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Sunday
Jul282013

Thou Shalt Know Thy Style

THE FIRST FASHION COMMANDMENT

Everyone talks about style. What is it? It is not fashion, which comes and goes, changing fundamentally between generations and eras, influenced by social mores and pervading attitudes; it is not in the successive polar opposite trends that sweep through the seasons as though designers deliberately wish to confound us; or in the week to week harassment of chain stores and online purveyors of goods and eager bloggers that bombard us with newsletters, urging us to enter the lists and race the clock with ever increasing speed, to be more fashionable and up-to-the-minute than anyone else. Fashion is driven by mass consumerism touting a desperate theology of looking younger, cooler, thinner, sexier, faster – and, inevitably, just like anyone else.

Checks of all sizes are chic, eye-catching and elegant. Four models at Roosevelt Raceway, USA, 1958. To make such a suit modern, I would wear a pair of fierce heels and definitely NO pearls.

Style, though, is innate. It is an instinctive and discriminating response to fashion, and sometimes it is in fact against it. Style embodies the spirit within, and encompasses elegance, grace, and wit. It is far more than simple obedience to fashion rules, for a stylish woman knows which can be broken and when - she is not moulded after a pattern card of classic chic, for that would be too easy. She is confident in her sartorial choices, she knows who she is, and sometimes she must be more than one woman in a single day. But whether she is athlete, professional or mother, her clothing will always possess a certain sense of style, unique to herself. It cannot be entirely quantified, for it is as individual as her own personality.

Style is confidence in your choice. It is the ability to carry off the outré or the merely witty with panache.

A Parisian dress of black tulle with a cape of black lace is worn with a cloche hat. Here’s a more elegant way to wear sheer, and uneven hemlines, than today’s inelegant mullet dresses. No visible bra spoils the plunging line of this backless dress either: take note!A stylish woman will draw attention and admiration not only by her attire, but in her bearing or posture – and the way she carries herself, walks, stands, gestures, speaks – and certainly also in her grooming.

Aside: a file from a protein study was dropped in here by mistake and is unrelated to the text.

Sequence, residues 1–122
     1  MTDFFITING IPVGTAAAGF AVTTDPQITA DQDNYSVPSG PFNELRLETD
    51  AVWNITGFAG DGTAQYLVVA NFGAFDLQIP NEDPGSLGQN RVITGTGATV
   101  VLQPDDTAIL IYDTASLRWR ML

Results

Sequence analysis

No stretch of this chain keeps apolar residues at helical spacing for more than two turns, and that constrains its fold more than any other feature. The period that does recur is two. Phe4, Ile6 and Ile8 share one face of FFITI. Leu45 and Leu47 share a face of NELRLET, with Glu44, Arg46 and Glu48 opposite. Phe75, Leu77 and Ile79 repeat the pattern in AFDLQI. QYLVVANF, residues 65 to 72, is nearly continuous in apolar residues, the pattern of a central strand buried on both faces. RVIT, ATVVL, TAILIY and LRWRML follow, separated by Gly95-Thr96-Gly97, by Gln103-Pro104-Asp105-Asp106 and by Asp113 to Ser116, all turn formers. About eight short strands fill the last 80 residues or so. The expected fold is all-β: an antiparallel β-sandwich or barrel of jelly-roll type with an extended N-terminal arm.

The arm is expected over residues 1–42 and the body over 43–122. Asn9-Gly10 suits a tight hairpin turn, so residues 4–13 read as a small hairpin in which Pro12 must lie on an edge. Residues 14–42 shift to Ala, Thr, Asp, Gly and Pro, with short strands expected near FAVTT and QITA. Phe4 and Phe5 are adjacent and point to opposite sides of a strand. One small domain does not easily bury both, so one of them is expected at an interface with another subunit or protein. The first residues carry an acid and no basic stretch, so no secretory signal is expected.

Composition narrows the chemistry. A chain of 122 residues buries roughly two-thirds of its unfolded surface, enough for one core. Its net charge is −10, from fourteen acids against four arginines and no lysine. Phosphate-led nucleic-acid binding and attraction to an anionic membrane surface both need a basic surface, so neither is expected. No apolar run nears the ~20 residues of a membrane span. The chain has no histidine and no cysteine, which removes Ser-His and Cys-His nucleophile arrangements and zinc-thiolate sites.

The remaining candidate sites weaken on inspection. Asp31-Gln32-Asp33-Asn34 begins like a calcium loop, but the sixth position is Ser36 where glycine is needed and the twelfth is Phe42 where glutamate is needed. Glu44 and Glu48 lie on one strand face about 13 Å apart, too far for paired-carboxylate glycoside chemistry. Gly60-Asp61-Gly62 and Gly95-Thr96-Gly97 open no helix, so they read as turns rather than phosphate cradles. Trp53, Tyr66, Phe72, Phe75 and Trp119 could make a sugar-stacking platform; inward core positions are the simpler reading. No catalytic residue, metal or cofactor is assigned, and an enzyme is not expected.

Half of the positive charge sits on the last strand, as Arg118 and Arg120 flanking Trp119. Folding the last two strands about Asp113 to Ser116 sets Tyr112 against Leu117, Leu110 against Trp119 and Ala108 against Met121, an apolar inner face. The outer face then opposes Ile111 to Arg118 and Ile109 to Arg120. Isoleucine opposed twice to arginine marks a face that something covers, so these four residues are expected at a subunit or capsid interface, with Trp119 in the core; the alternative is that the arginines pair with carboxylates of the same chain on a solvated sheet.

This sense of style takes time to develop – years, sometimes – and some never quite find their footing, puzzled by and rendered indecisive by the myriad of options clamouring for their attention.

In the simplest of terms, personal style is about what you like, rather than what arbiters of fashion say that you should like. It is knowing your figure and what suits you, in taking pleasure in dressing to please yourself, rather than others. Style is confidence in your choice. It is the ability to carry off the outré or the merely witty with panache. Equally, style can be dazzling by its sheer exuberance, or it can possess a quiet force in minimal elegance.

Anna Wohlin, girlfriend of Rolling Stones’ Brian Jones wears a spotted blazer and wide white loons with big shades and a floppy hat in 1969. Elegant, chic and oh, so cool. A different take on trousers in 1976: Charlotte Rampling dons mannish tailoring on a film set, with accessories that look just so.Style cannot be taught however, and it is not necessarily inborn, it is rather developed over time through self-awareness and conscious choice, which eventually becomes unconscious habit and even instinct.

This probably sounds daunting and a lot of work for something so apparently frivolous (although I would present the argument that feeling one looks one's best is an enormous boost to the self-esteem, impacting on every aspect of life), though it is an evolution that usually begins in the teens, developing fully in adulthood.

But for the fully-fledged adults that believe themselves entirely lacking in style, beginning may be an entirely pragmatic and truncated step, rather than the wild experimentation of teenagerhood that is gradually honed over the years. So in an entirely practical vein, what is required to achieve a stylish appearance with the quickest results?

The first commandment states: Thou shalt know thy sartorial identity, understand thy figure and garb thyself accordingly.